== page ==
Kobylisy is a former military shooting range located in Kobylisy, a northern suburb of Prague. It was established in 1889–1891, on a site that was at the time far outside the city, as a training facility for the Austro-Hungarian army.
During the Nazi occupation it was used for mass executions as part of retaliatory measures against the Czech people after the assassination of Reinhard Heydrich in 1942. About 550 Czech patriots of every social rank lost their lives here, most of them between 30 May and 3 July 1942, when executions took place almost every day. The bodies of the executed were subsequently incinerated in Strašnice Crematorium.
The site was converted to a memorial after World War II, and its current dimensions date to the 1970s when the large paneláks (Communist-era tower blocks) of a new housing estate encroached upon it. Kobylisy Shooting Range has had the status of national cultural monument since 1978. Today it is freely accessible and is within ten minutes' walk of the Kobylisy or Ládví metro stations.References:
Kerameikos was the potters" quarter of the city, from which the English word 'ceramic' is derived, and was also the site of an important cemetery and numerous funerary sculptures erected along the road out of the city towards Eleusis.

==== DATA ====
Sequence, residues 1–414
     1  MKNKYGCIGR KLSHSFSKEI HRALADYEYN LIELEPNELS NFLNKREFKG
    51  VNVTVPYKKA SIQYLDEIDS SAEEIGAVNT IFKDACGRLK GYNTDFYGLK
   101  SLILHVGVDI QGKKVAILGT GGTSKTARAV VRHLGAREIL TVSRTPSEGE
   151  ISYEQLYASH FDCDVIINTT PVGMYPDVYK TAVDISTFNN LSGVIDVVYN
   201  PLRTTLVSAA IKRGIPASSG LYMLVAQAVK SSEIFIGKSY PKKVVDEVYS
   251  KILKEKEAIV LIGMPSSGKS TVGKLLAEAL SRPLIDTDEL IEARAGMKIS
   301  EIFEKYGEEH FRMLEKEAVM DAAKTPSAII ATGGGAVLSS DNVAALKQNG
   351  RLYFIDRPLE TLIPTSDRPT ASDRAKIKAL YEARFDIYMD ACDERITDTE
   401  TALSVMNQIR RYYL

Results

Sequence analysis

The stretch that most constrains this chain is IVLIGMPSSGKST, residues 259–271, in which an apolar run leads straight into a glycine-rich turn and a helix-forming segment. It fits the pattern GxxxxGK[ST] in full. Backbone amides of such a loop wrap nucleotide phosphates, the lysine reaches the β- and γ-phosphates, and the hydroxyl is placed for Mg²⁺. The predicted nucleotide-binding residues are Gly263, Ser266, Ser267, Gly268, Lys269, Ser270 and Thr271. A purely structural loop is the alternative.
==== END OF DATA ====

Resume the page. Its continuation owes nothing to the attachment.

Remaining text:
The earliest tombs at the Kerameikos date from the Early Bronze Age (2700-2000 BC), and the cemetery appears to have continuously expanded from the sub-Mycenaean period (1100-1000 BC). In the Geometric (1000-700 BC) and Archaic periods (700-480 BC) the number of tombs increased; they were arranged inside tumuli or marked by funerary monuments. The cemetery was used incessantly from the Hellenistic period until the Early Christian period (338 BC until approximately the sixth century AD).
The most important Athenian vases come from the tombs of the Kerameikos. Among them is the famous “Dipylon Oinochoe”, which bears the earliest inscription written in the Greek alphabet (second half of the eighth century BC). The site"s small museum houses the finds from the Kerameikos excavations.